Government ministries and agencies are required to prepare multi-annual operating and financial plans. In practice, these plans follow the four-year government cycle. However, multi-annual plans of agencies are not approved by ministries, but are considered internal documents to the agencies. In this sense, the strategic planning of agencies is not strictly aligned with the Government Programme or spending frames. Even so, the growing importance of the Government Programme has meant that agencies are encouraged through pilot programs to align their plans according to the strategic management principles by following the content of the Government Programme. In this sense, the operating and financial planning has become a more top-down exercise (Finnish Ministry of Finance 2012). The centralisation of decision-making powers has proceeded incrementally (Virtanen 2016).

4.2. Norway

Governmental structure and public sector reforms. The government, a progressive–conservative minority, two-party coalition in 2013–2017, became a majority coalition, four-party government incorporating the Liberal Party in 2017 and the Christian People’s Party in 2018. The governmental structure in Norway consisted of 19 ministers, 14 ministries and 61 agencies per 1.1.2018.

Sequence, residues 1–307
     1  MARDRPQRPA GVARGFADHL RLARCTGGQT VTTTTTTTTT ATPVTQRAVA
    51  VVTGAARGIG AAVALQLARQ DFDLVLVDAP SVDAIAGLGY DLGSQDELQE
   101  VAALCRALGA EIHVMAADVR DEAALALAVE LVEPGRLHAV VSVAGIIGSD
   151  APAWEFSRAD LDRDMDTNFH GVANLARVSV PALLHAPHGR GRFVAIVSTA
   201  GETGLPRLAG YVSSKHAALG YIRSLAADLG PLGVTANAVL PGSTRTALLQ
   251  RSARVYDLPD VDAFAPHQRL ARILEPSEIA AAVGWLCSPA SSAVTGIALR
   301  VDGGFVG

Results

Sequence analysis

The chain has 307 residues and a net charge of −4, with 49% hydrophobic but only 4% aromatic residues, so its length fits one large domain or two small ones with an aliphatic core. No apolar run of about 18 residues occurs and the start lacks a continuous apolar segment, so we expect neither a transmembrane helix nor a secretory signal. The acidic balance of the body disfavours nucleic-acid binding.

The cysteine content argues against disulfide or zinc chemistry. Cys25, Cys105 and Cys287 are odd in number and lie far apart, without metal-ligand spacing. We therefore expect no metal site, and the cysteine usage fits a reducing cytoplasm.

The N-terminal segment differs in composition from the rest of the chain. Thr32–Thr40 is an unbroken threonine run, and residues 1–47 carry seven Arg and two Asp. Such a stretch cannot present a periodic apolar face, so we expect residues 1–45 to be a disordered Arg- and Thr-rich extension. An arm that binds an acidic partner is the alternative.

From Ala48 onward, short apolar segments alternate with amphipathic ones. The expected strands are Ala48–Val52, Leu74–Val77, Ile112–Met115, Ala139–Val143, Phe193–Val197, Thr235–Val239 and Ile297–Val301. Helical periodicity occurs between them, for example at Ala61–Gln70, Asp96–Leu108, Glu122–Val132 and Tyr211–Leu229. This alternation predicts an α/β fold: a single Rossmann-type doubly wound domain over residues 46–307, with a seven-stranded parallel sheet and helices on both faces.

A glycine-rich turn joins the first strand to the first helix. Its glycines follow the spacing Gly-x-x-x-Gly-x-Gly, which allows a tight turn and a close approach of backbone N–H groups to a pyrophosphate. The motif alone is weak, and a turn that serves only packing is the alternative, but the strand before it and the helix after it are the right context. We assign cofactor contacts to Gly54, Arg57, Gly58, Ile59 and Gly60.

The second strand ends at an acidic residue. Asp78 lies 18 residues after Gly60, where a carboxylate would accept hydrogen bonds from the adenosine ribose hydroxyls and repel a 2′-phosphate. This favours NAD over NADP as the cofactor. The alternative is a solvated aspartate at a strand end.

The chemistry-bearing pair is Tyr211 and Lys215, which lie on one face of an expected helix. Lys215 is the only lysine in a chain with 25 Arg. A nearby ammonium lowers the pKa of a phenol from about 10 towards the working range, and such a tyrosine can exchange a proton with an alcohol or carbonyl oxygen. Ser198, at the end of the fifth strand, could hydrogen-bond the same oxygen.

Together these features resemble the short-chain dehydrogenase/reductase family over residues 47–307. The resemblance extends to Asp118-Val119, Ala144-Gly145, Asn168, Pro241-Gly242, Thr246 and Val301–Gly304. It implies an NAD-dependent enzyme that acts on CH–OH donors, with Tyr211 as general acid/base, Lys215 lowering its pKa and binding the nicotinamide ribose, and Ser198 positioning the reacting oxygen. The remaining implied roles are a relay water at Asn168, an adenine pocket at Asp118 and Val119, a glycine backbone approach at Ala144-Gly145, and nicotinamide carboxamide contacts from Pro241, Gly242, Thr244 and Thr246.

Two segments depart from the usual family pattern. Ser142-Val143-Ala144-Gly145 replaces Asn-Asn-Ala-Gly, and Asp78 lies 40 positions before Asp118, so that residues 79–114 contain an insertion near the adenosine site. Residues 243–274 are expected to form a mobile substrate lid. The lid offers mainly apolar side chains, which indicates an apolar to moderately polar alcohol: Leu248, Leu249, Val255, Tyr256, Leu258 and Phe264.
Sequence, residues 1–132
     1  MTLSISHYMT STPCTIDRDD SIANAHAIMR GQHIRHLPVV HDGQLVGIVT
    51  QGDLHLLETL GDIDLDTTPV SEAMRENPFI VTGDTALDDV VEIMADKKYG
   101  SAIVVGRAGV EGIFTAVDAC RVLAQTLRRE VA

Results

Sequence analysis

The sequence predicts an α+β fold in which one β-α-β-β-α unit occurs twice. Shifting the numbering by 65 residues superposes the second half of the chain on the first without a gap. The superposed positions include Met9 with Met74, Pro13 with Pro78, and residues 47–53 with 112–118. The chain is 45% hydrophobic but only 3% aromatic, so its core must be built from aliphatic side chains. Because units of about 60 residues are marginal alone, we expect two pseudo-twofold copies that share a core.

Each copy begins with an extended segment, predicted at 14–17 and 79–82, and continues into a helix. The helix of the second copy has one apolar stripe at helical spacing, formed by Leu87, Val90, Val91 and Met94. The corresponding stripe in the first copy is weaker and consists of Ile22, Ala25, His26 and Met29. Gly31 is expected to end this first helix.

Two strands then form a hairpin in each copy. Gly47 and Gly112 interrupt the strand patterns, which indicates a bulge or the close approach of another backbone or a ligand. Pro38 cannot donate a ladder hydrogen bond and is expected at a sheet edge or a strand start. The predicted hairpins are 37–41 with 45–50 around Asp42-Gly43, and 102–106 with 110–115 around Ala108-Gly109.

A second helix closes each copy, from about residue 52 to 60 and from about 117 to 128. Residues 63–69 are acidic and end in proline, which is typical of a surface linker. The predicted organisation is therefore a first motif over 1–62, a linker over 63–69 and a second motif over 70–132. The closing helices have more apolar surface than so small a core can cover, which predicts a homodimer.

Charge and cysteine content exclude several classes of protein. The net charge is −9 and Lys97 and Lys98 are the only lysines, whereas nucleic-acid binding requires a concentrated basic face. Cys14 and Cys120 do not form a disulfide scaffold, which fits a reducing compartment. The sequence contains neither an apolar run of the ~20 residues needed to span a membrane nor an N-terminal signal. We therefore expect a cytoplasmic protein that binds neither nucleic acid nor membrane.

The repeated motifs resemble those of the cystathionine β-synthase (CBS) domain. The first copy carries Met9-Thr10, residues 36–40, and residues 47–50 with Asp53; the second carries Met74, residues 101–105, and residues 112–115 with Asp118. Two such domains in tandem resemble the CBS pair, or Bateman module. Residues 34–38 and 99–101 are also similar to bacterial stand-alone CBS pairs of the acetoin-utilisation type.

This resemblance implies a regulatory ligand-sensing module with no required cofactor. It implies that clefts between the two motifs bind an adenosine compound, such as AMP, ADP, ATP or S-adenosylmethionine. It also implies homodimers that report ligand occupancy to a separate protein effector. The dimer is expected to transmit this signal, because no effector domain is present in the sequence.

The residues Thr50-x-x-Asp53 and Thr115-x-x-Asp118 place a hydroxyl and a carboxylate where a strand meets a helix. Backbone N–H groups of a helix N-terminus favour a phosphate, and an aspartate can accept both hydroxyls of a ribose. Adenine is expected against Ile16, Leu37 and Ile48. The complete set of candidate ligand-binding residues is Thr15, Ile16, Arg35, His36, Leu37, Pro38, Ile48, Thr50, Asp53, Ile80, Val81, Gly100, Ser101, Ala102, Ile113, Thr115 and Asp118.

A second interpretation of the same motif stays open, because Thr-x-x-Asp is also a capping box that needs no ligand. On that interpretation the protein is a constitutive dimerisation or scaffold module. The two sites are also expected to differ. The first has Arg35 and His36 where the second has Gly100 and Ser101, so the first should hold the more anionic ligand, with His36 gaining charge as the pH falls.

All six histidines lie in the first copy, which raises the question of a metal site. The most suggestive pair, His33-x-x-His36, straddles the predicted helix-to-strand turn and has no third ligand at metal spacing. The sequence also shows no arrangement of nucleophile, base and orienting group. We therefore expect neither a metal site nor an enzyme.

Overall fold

Norway lacked full accrual accounting and multi-year budgets, as New Zealand innovated in the 1990s. A modified system blending a cash-based national budget and accounting system and accrual-based agency accounts were in place in Norway, and the system had extensive performance information (Lægreid et al. 2006), but the performance management system was little integrated with other management tools (Askim 2015). The emphasis was on the ministries’ agency governance, involving letters of allocation, annual budgeting, steering dialogues, and annual reporting (Norwegian Ministry of Finance 2011). Furthermore, Norway has had many pragmatic reforms emphasising improving performance more than cutting costs (Greve et al. 2019), and the political commitment to the performance management regime has been relatively stable. For example, in 2017, the annual reports in government were standardised (Norwegian Government Agency for Financial Management 2018).